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Helios lens

Camera Smena-3 review

Smena-3 is a Soviet scale camera made by GOMZ from the late 50s.
Smena-3 was produced in tandem with the fourth and was a simpler apparatus in this pair.

The differences between them are available in the Smena-4 self-timer and wired sync contact. The 3rd did not have all of this.

The Smen family, up to the 9th model, is generally characterized by the simultaneous release of 2 models: the flagship and more budgetary ones.

Developed Smena-3 and -4 as a replacement for the pair Smena (since 1953) and Smena-2 (since 1955).

Of the innovations was the appearance:
- the classic shutter release button (instead of the lever on the lens);
- trigger for moving the frame (the shutter cocking was still a separate operation).

Together, it was quite a worthy improvement to the camera lineup.

A pair of Smena-3 and Smena-4 came out simultaneously in 1958 and had success at first.

True, there was a design miscalculation. The knot of the trigger broach turned out to be weak, unreliable.

Devices often broke down, services were mired in warranty repairs, users were unhappy.

As a result, already in 1960, the 3rd and 4th models were curtailed and the output of the 1st and 2nd, which were produced until 1962, increased.

Smena-3 devices produced 355 thousand copies, which is quite a lot. Nevertheless, the device is not found in large quantities now, let's say so. Apparently, however, there were many breakdowns.

Although the device is also not rare, of course.

Smena-3 does not offer a wide variety of models to collectors.

All the differences boil down to two, literally, points:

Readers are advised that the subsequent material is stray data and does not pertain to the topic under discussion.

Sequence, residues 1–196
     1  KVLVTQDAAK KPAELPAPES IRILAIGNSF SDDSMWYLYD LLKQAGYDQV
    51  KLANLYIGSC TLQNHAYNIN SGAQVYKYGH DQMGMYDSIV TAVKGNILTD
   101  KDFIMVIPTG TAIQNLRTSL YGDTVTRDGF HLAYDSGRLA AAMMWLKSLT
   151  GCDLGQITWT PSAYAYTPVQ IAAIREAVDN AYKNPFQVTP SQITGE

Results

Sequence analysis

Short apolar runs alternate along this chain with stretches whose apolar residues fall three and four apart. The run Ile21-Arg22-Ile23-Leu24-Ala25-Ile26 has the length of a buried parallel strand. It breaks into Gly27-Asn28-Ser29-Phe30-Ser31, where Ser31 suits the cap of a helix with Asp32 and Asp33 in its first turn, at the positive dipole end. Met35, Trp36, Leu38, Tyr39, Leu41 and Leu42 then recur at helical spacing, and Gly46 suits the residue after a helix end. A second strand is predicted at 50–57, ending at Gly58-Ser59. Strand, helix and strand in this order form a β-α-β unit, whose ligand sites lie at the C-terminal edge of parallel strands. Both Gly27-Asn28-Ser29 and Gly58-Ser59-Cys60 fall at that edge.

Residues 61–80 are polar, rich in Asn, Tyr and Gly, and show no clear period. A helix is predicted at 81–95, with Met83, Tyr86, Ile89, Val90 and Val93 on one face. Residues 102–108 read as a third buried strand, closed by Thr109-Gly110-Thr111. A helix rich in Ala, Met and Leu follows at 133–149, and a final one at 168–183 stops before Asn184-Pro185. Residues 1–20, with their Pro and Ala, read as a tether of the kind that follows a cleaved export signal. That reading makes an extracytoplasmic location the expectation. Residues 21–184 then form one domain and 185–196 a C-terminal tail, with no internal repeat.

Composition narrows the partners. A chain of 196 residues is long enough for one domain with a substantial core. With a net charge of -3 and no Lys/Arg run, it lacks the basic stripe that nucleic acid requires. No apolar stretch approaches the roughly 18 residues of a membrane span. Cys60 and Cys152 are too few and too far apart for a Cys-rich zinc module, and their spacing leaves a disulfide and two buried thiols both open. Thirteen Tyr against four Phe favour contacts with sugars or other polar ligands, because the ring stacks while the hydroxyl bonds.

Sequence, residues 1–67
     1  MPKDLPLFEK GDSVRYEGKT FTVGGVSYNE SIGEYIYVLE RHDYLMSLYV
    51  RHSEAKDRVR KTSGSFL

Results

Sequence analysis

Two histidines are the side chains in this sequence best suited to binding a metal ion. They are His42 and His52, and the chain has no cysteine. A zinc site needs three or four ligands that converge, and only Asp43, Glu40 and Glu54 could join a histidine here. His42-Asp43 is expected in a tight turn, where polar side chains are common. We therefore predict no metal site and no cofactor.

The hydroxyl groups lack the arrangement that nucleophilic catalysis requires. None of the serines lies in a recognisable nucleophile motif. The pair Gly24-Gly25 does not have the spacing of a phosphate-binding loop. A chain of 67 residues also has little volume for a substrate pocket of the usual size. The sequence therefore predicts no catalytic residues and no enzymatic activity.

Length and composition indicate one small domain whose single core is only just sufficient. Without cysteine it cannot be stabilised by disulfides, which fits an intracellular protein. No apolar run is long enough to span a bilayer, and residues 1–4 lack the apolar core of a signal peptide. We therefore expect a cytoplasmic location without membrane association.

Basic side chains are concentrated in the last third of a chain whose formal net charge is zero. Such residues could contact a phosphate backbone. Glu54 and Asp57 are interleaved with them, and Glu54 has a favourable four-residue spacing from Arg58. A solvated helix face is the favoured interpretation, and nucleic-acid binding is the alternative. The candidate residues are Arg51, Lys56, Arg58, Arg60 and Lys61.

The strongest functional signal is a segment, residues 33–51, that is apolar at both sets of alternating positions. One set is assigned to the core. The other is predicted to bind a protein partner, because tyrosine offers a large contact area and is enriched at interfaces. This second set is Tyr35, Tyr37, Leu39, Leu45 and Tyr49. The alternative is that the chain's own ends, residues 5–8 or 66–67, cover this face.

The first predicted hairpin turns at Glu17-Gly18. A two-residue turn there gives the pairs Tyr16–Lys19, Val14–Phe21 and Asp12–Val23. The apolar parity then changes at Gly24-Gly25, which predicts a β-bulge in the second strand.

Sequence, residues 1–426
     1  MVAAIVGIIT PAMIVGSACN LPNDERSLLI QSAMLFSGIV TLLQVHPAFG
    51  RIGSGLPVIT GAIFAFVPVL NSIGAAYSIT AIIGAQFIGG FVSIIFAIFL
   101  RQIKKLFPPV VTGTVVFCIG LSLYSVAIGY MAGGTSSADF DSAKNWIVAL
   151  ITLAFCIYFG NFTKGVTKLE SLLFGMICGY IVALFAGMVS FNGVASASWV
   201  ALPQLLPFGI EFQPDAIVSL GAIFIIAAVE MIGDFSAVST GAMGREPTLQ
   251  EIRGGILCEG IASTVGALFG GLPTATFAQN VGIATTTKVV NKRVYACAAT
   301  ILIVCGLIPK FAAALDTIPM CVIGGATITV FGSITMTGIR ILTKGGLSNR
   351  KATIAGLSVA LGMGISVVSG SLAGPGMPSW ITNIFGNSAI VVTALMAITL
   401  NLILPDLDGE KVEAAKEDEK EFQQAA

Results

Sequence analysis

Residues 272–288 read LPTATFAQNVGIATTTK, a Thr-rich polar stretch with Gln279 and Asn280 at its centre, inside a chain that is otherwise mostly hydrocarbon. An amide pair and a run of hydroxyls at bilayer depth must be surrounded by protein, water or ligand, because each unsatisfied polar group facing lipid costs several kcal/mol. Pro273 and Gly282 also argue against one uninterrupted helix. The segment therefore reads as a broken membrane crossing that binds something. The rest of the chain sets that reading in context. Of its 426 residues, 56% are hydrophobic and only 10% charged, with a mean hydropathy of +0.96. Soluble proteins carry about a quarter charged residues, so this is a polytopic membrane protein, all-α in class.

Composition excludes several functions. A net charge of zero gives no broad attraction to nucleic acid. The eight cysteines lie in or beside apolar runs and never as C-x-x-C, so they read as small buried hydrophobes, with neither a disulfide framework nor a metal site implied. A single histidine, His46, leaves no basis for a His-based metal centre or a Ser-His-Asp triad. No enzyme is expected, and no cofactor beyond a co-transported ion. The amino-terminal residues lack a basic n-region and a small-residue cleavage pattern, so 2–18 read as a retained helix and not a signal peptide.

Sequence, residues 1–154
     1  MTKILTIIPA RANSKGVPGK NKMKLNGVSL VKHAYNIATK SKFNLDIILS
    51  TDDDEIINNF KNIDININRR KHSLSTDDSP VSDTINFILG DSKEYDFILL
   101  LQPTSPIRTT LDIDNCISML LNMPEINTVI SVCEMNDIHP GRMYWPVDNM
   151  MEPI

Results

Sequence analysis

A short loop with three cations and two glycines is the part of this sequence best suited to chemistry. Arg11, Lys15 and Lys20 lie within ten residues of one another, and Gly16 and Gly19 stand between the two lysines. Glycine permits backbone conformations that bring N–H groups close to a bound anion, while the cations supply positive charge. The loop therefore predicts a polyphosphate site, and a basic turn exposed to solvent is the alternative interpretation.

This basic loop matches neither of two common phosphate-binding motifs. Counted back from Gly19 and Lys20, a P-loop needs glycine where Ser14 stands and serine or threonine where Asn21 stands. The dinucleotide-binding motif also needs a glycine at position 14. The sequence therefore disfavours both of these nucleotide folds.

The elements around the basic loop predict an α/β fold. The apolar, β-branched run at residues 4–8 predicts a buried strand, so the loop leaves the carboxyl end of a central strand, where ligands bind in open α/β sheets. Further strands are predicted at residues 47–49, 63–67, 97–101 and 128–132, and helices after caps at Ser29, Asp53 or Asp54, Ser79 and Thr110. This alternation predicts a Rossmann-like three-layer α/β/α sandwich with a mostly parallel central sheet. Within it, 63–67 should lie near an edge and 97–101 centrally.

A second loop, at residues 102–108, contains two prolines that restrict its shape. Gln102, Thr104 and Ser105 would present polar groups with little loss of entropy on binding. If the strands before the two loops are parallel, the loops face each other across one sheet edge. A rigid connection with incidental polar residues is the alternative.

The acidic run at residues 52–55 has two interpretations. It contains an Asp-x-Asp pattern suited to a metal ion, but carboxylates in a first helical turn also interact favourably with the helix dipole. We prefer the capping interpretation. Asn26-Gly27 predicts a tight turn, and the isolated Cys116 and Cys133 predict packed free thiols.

The first point is the location of the room. There are options that have a number on the left side of the body (as in the review), there are - on the front cut of the lens, as in the photo

The second point is the shape of the platform on which the name of the device is located. The specimen in the obor has a flat platform. There are options when the case has a small protrusion in this place, such as a frame or base. In the photo from, this is especially clearly visible.

Today the review unit is in good condition with the number 277418.

Camera Smena-3

Smena-3 was produced at GOMZ from 1958 to 1960. The volume of the issue was 355 thousand copies.

The standard lens is a fixed T-22 4.5 / 40 triplet. Aperture limit - f22.

The shutter is central. Beats shutter speeds: 1/10, 1/25, 1/50, 1/100, 1/200, V.

The device does not have a self-timer and sync terminal. The older model, Smena-4, had this functionality.

Interestingly, at the same time, Smena-3 had a bracket for accessories. It was possible to install, for example, a Smena rangefinder in it.

Smena-3 did not involve rewinding the film, 2 cassettes were loaded into it at once. Serving and receiving.

The weight of my copy is 290 grams.

Control elements:

The body of Smena-3 is bakelite, of a rather complex shape. The surface of the case is well textured. The device is lightweight and comfortable to hold.

The front of the body houses the lens and the shutter controls at the base of the lens. We'll talk about this node later.

On the body itself there is still only the front viewfinder peephole.

Behind - only the eyepiece of the viewfinder.
The Smena viewfinder, I would call it normal for those years. it produces a small but bright picture with noticeable distortion.